Tell tails of the times

Animal shelters and people stuck inside tend to the animals during COVID-19


Molly Jenkin

Junior Molly Jenkin and freshman sister Riley Jenkin play with their new puppy Bentley. “She is super bubbly and energetic, so she gives us something to do,” Molly Jenkin said. “She is also quite ornery, so it’s never boring around here.”

Emma Baker, Staff reporter

As the cases of COVID-19 continue to rise, people may be noticing another rise in something a little bit more wholesome: pet ownership.

At the beginning of the year, the health service company Cigna reported that 3 out of 5 Americans feel lonely, a feeling only amplified in the wake of social distancing and self-quarantining. However, studies also show that pets can significantly boost a person’s mood. What better time than now, with everyone home, to train new puppies, snuggle up with a foster kitten or adopt a cool critter?

“A lot of people are getting dogs,” Pam Wiese, the Nebraska Humane Society’s Vice President of Public Relations and Marketing, said. “I think the idea of having a reason to get out of the house is a big incentive. They can get a pet used to the home and enjoy the companionship.”

While it is always great to adopt, fostering is also hugely beneficial for the shelters, animals and people that take them into their home. It allows for better care for the animals and keeps the humans busy, but most importantly, happy. 

Patty Russell, mother of Millard West junior Robert Russell, is a board member at Town and Country Humane Society. She works alongside Boarding Supervisor Tisa McKim and, together, they are working to relay the importance of fostering animals during this time.

“Fostering has been the primary reason we could continue with transports at all,” Russell said. “We took in about 30 puppies in March. We received 19 new foster applications in that time. People have really stepped up to help us save these animals from being euthanized.  It’s been amazing.”

Junior Molly Jenkin, a person on the opposite side of the pet ownership process, has had an equally amazing experience in the confines of her house. She welcomed a second furry friend to her home recently: A spunky French bulldog puppy named Bentley. She admits the task of receiving her precious pooch was quite different than normal.

“The process was a little bit crazy because the litter was from two hours away,” Jenkin said. “The seller sent us pictures all of the time because we didn’t have the opportunity to visit before we got her. Once she was old enough, we met the lady at Cabela’s, signed some paperwork, paid and took her home.”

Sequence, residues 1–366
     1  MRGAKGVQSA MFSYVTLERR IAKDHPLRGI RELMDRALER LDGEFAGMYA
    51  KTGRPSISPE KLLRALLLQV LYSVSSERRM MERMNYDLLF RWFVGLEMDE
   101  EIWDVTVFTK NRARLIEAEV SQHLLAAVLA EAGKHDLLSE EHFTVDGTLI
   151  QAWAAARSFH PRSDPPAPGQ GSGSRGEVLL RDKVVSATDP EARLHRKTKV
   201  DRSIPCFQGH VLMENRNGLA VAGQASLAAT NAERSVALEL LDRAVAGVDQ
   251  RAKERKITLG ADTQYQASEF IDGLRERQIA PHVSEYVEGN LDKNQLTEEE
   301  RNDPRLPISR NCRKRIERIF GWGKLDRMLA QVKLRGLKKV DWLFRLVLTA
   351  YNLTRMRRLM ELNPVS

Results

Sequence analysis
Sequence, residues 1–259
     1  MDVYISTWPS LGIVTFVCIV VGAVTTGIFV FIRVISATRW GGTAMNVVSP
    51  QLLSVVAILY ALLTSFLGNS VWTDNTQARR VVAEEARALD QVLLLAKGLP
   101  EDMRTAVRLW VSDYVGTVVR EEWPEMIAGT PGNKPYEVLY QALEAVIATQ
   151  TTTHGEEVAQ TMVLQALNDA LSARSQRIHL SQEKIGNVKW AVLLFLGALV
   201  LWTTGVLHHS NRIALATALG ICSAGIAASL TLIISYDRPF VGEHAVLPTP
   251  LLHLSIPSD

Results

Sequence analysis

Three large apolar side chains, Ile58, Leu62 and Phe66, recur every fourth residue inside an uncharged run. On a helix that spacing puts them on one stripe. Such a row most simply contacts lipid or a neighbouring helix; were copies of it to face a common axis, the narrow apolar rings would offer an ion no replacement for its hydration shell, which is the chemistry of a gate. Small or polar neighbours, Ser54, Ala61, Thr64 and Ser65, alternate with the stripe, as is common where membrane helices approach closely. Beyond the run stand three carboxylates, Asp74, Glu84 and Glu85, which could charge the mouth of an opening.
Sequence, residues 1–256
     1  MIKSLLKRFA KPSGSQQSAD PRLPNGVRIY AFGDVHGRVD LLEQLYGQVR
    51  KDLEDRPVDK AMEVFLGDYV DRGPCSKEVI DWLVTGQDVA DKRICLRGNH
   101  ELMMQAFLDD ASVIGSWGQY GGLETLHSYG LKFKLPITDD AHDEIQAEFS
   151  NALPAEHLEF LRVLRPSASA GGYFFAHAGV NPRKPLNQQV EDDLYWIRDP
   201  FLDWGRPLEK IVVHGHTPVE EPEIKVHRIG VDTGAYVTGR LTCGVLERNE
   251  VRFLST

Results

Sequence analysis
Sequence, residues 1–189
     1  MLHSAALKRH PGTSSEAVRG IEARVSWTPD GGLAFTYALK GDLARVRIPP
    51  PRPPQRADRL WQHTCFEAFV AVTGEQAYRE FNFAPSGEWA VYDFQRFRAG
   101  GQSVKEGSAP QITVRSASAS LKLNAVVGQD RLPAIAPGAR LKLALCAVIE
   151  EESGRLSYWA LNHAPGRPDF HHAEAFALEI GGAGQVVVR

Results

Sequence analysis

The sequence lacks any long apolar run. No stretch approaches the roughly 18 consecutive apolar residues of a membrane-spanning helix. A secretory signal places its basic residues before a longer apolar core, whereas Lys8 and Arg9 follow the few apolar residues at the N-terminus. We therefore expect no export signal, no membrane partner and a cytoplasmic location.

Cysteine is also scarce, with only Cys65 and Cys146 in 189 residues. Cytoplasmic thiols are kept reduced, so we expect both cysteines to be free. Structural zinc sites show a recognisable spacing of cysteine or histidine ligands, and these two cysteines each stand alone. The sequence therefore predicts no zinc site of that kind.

To comply with all coronavirus mandates, shelters have had to work differently as well.

“During COVID-19, to limit exposure and comply with social distancing, we are running by appointment only,” Russell said. “Available animals are on our website for viewing. If there is one that interests them, the potential adopter can email or call the office. They are screened over the phone by asking questions for the pet they are interested in. Once their application is complete and approved, an appointment will be set to come meet the animal. If all goes well, they can take the animal home with them after executing the contract and making payment.”

The Nebraska Humane Society operates in a very similar manner. They are lowering adoption prices in hopes to get animals out and into homes faster, and shuttering elective surgeries to avoid draining the supply of masks, gloves and other PPE for human doctors. The NHS is also desperately trying to reduce the number of animals they intake during this time. 

“We are being proactive on the intake side by offering a more robust pet food pantry for folks in need, so they can keep their pets, and asking folks who are surrendering an animal to not do it unless it’s an emergency,” Wiese said. “We are also asking folks who find animals to hold onto them if they can, and file a report with us, but also post on the “Lost Pets of Omaha” Facebook page and neighborhood apps so that folks can find their pets a little quicker.”

For now, though, we can rest assured many pets are happy in their new homes. Senior Hannah Schnuerle’s new pomeranian pup Olly is soaking up all the quality time with his new loving family.

“There’s a lot of benefits to having a dog,” Schnuerle said. “With only having one dog it was good, but 100% it does make quarantine better because now there’s two of them I can play with. I would recommend getting a dog during this time because it makes it a lot easier to get through all this stuff.”

To make sure shelters like the Nebraska Humane Society and Town and Country Humane Society can keep up all the great work, they say donations are a giant help. Since they run on volunteers and their main pipelines of funding are shut down (like Town and Country’s boarding and grooming businesses), they need the community’s help now more than ever. 

Visit their websites at and for more information on how you can help.